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Enhancing Medication Safety in Clinical: A Video for Students and Nursing Faculty

Posted by on Jul 1, 2014 in Teaching Strategies |

Video Link: Click Here  This vignette was designed for both faculty and students to learn how to administer medications safely in clinical settings. The vignette demonstrates to nursing faculty how to manage more than one student in clinical and how to manage a medication administration pass for a student while in clinical. This vignette also is designed to explicate teaching strategies for student and faculty when the student isn’t quite prepared or ready to administer medications. This vignette also reviews how to question a student prior to approaching the patient at the bedside and then demonstrates how to empower the students while working with their patients at the bedside. The student demonstrates how to administer the medications safely and ensures the five rights during the process. Strategy Activity: Prior to engaging in clinical experiences, the students and or clinical faculty will view the vignette in the nursing lab. Then the students will discuss the aspects of safe medication administration and the five rights of medication administration. The students will be given a MAR (Medication Administration Record) to look up medications (see example). While in the nursing skills lab, the students will prepare the medications and administer medications to their patients. They will utilize drug guide resources and other e-tools to gather important information about their patients. They will also discuss the right situation for these medications, medication reconciliation, and patient data to connect essential patient information. This activity will help the students to learn how to safely administer medications to their patients prior to going live in the clinical setting. Patient Centered Care Students will gather information of the medications they are to prepare for their patients in clinical. (Knowledge) Students will value their knowledge and how dissemination of essential information about their patients’ current medications create a more patient-centered environment. (Knowledge, Attitudes) Safety Students will utilize drug guides and other e-tools, learn how gather essential information about their medications and be confident when communicating with their clinical instructors about their patients and their medications. (Knowledge, Attitudes) Students will demonstrate the five rights of medication administration while administering medications in clinical. (Skill) Students will value own role in providing safe...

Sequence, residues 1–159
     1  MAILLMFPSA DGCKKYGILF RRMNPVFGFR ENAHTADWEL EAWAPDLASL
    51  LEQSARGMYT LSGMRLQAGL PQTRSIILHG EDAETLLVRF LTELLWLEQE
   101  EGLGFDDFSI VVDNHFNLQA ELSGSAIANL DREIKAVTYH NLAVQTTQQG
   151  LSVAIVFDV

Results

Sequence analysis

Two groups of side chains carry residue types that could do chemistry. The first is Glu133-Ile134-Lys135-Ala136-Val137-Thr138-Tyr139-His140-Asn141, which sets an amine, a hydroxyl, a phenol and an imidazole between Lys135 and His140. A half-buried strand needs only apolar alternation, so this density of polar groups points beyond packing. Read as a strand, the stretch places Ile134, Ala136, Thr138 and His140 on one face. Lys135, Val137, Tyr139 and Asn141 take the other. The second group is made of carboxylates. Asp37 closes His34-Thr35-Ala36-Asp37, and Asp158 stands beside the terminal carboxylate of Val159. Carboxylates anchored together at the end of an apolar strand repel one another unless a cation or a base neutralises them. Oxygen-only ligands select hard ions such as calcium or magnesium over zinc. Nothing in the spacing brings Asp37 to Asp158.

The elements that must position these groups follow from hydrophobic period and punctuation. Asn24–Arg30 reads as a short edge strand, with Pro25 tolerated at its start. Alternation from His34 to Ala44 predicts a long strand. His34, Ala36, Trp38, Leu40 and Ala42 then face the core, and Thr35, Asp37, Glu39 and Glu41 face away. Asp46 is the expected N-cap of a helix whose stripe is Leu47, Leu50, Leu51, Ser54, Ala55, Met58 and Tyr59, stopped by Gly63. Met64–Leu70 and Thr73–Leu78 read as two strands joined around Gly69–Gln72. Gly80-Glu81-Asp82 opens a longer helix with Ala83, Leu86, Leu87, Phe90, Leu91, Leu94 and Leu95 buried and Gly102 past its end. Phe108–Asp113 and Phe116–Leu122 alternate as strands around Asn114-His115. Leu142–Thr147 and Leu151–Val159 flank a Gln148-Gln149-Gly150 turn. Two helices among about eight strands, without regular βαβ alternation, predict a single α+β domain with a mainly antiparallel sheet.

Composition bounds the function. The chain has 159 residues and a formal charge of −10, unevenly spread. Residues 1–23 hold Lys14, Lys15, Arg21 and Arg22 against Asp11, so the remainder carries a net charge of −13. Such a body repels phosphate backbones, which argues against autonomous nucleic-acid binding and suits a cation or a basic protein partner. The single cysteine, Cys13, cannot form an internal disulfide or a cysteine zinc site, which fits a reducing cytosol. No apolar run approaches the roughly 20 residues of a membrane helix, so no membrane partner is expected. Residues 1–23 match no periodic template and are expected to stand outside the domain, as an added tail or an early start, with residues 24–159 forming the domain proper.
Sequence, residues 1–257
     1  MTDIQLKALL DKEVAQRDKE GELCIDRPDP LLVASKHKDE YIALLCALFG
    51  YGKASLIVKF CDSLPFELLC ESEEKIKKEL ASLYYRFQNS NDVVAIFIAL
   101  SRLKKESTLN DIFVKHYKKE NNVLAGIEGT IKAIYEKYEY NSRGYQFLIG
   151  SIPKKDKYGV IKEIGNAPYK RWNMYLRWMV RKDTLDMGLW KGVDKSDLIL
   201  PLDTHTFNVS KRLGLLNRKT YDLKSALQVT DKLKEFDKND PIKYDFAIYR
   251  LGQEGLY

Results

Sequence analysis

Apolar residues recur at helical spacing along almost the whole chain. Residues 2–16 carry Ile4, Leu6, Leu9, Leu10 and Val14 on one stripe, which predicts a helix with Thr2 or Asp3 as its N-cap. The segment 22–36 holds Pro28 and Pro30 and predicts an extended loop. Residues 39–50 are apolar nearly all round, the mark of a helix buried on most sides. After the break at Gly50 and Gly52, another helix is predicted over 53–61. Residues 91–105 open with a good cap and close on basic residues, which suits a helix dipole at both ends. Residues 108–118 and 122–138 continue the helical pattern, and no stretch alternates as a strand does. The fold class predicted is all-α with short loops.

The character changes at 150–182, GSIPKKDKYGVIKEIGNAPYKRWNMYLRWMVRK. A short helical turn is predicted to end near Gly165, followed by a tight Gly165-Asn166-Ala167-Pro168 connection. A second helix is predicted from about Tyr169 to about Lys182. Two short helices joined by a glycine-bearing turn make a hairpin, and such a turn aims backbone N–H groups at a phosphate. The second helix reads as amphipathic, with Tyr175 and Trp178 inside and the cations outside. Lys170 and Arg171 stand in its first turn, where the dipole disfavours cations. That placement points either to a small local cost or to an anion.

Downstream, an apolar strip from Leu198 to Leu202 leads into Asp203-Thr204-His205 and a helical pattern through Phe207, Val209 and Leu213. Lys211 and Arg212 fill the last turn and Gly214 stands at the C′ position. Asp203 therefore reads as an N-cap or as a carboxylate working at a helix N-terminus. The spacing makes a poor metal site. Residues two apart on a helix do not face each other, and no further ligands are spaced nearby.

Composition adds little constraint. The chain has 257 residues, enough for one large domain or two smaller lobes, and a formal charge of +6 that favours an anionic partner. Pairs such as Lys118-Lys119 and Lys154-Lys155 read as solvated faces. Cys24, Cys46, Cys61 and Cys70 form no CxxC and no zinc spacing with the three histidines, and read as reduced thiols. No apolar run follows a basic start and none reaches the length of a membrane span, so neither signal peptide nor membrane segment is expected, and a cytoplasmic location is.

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Hand-off Strategies for Maternity (L&D/MBC) Clinical Practice: SBAR/Assessment Tools and More Effective Hand-off Timing

Posted by on Jun 27, 2014 in Teaching Strategies |

A hand-off is a transfer and acceptance of patient care responsibility achieved through effective communication. It is a real-time process of passing patient specific information from one caregiver to another or from one team of caregivers to another for the purpose of ensuring the continuity and safety of the patient’s care. Student nurses are involved in some manner of hand-off communication prior to initiating care and at the conclusion of their clinical day. Observations of our students during hand-offs in the clinical setting revealed a process replete with potential for error. For example, when students listened to hand-offs between staff nurses, they were often unable to get close enough to clearly hear the report or to understand the medical jargon nurses used. Hand-offs were frequently interrupted by occurrences happening at shift change and nurses were sometimes unable to review patient data with students due to the responsibilities of shift change. Implementation of the Strategy: The Joint Commission Hand-off Communication Failures includes several strategies that might be helpful to student nurses. These strategies involve the development and use of standardized forms, including SBAR tools, establishing a workspace or setting that is conducive for sharing information about patients, and examining the work flow of health care workers to ensure a successful hand-off, focusing on the system, not just the people. Similar adaptations were made for our students, including the timing of hand-offs to a less stressful time for staff nurses. Nursing staff were surveyed regarding when hand-off communication to students would work best in their schedule. Staff agreed that a clinical start time approximately one hour after usual shift change would be the least stressful time. A later clinical start time was implemented with our students. An SBAR/Assessment tool was also developed specifically for students to use during hand-off communication with staff nurses. This SBAR/Assessment tool (one page front and back) served multiple purposes, as it included space for continuing data collection, nursing diagnoses, interventions and evaluation of...